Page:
Parents in Bothwell have warned council chiefs children’s lives are being put at risk by the removal of a school crossing patroller.
Pupils will no longer get help crossing Fallside Road on their way to St Bride’s Primary when they return after the Easter holidays.
Patrollers are being removed from 22 sites in South Lanarkshire in a bid to save money. Another of the locations affected is Lower Millgate, near Muiredge Primary and St John the Baptist Primary in Uddingston.
Angry St Bride’s parents met to discuss the move and parent council chair Anne-Marie Cusick expressed their views in a letter to council leader Eddie McAvoy.
She was “astounded” the cuts were being made just weeks after a council report revealed the number of children seriously hurt on the roads doubled last year.
Mrs Cusick said a survey which concluded Fallside Road no longer met the criteria for having a patroller was carried out in December 2015.
She wrote: “The information gathered then is out of date as there have been 45 new homes built on Fallside Road which will contribute potentially 90 cars.”
Mrs Cusick calculated the move would save the council just £4545 “at the expense of providing a safe route to school”. She added: “You cannot, and I will not allow anyone to, put a price on a child’s head.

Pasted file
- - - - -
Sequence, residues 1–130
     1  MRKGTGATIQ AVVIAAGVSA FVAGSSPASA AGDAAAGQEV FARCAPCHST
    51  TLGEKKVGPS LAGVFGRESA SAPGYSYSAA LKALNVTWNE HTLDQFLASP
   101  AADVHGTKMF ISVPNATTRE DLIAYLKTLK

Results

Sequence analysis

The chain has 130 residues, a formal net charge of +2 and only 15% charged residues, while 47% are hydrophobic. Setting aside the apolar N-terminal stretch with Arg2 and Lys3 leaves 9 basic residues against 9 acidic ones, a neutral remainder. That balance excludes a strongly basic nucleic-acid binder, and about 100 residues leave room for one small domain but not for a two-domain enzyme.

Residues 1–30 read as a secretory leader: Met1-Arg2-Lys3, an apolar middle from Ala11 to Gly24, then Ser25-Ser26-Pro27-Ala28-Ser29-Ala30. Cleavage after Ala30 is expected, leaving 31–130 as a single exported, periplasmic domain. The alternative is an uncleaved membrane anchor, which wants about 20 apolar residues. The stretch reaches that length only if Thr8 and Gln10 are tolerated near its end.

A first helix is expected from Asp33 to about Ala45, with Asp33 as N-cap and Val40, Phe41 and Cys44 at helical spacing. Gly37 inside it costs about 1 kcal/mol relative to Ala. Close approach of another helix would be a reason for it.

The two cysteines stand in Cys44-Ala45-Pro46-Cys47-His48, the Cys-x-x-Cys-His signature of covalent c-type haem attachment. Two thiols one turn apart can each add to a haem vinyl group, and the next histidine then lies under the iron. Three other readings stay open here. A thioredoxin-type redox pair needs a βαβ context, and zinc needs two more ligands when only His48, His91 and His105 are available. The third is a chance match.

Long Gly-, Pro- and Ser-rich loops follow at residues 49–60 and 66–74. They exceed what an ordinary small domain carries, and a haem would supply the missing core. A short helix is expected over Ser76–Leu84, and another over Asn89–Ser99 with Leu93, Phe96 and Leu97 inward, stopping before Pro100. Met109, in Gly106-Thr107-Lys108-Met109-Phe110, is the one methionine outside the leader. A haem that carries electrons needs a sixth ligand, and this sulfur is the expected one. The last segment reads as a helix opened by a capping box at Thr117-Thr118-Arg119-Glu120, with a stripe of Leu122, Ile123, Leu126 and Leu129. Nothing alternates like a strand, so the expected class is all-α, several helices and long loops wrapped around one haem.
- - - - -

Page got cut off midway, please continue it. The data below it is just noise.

South Lanarkshire Council says it has had “difficult choices” to make in order to balance the books. It claims it’s the second highest spending council in Scotland on school crossing patrols.
In a letter to parents engineering manager Colin Park wrote: “We spend more per head of population than 30 of the 31 other councils in Scotland. However, there is no escaping the current financial climate and, as with everything else, the council has had to critically review this and all other areas of service provision, especially those we are offering over and above our legal requirements.
“The council has no legal obligation to provide school crossing patrollers. Rather, parents/carers are deemed to have responsibility for getting children safely to school. Despite this, we have continued to fund this service at significant levels.”
Last year the council axed lunchtime crossing patrols at all 135 locations in South Lanarkshire.